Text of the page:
Holiday-Inspired Outdoor Decorating that Lasts

Dress up your front porch and yard with these holiday outdoor decorating ideas that last from the first days of fall through the New Year. They look great on a porch or just outside your door.

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Outdoor Christmas Decorating Ideas

Make the outside of your home as ready for the holiday season as the inside with these outdoor Christmas decorating ideas. Our holiday decorating ideas, including beautiful Christmas greenery, festive light displays, and more, are sure to get your yard Christmas-ready.

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Grow Beautiful Amaryllis

Amaryllis flowers are easy to grow from bulbs and great for adding color to your holiday decor.

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Deer-Resistant Shade Plants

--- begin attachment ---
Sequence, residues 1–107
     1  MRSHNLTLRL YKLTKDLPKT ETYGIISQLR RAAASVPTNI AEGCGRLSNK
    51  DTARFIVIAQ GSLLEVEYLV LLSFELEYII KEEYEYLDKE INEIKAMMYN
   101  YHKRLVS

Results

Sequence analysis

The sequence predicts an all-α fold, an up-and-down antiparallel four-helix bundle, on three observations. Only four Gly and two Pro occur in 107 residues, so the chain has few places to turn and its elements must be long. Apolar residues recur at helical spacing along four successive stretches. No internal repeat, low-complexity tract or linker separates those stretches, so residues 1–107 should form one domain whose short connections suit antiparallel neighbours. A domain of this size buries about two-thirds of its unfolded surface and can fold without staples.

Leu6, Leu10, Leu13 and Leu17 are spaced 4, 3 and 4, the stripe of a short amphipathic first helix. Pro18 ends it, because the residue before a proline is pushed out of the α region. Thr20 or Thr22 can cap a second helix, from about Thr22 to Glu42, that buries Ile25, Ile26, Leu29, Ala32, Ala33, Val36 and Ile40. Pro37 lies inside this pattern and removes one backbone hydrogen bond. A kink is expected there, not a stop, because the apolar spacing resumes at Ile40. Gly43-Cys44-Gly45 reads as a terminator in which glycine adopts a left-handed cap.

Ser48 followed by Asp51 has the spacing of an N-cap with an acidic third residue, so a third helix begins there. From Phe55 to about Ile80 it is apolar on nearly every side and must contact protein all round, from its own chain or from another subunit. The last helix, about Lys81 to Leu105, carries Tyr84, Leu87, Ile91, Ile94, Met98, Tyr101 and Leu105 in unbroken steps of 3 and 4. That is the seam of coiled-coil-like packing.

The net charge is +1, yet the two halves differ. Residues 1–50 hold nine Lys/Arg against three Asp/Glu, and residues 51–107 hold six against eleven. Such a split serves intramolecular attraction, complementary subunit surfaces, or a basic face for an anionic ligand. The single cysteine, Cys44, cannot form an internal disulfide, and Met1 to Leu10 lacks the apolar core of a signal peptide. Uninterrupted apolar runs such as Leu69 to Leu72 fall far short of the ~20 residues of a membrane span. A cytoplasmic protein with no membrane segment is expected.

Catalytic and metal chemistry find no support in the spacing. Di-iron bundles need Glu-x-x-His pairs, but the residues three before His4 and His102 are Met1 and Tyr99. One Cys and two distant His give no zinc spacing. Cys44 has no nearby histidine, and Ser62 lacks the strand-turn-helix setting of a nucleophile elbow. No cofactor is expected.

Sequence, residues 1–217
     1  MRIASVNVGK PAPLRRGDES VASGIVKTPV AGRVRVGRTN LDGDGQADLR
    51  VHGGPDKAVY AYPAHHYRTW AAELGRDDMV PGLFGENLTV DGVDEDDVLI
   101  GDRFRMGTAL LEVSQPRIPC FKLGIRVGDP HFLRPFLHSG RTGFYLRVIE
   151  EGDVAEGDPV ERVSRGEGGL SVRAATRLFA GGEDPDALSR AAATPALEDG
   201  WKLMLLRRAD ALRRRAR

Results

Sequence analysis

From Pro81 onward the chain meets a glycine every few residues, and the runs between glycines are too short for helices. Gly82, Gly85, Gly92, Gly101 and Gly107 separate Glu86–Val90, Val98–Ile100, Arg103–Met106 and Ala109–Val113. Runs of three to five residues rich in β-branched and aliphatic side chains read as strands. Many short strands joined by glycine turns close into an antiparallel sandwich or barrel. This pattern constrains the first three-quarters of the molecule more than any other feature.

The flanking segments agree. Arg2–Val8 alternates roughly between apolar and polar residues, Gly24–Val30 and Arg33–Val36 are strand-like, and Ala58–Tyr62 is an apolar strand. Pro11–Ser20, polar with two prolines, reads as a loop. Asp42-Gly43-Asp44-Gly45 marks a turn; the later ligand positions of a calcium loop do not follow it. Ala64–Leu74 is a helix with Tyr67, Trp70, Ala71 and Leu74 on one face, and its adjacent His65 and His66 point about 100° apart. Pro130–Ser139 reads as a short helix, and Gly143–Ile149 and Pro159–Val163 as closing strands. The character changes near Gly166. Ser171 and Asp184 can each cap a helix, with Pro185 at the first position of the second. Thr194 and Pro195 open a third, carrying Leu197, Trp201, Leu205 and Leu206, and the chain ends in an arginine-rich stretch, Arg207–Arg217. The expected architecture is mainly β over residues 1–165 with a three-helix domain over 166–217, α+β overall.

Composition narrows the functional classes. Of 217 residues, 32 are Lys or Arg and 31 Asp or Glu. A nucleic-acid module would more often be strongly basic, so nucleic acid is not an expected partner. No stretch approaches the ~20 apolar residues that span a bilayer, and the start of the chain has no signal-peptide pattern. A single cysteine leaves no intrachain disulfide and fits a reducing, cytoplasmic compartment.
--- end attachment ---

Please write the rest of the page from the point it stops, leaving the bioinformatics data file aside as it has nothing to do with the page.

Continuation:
Gardening in the shade where deer are plentiful can be a challenging situation. But there are plants that thrive in the shade that aren't tempting to hungry deer. Although no plant can be considered completely deer-resistant, here's a list of shade dwellers that most deer avoid. Plus, we've added some fun facts about deer that might help you understand them better.

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Shrubs with Winter Interest

A winter landscape has a beauty all its own. An unexpected plant feature -- winter blooms that perfume the air, bright berries, colorful or textured foliage or unusual bark -- add a welcome element to gardens. These winter shrubs will not disappoint.

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Tips for Moving Plants Indoors

Here's a handy guide for moving your favorite plants inside once the weather turns cold.

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Tips for Taming a Slope

Reclaim lost ground and turn a frustrating slope into a dramatic asset with one of these ideas.


    Everything in this slideshow

    • Build a Wall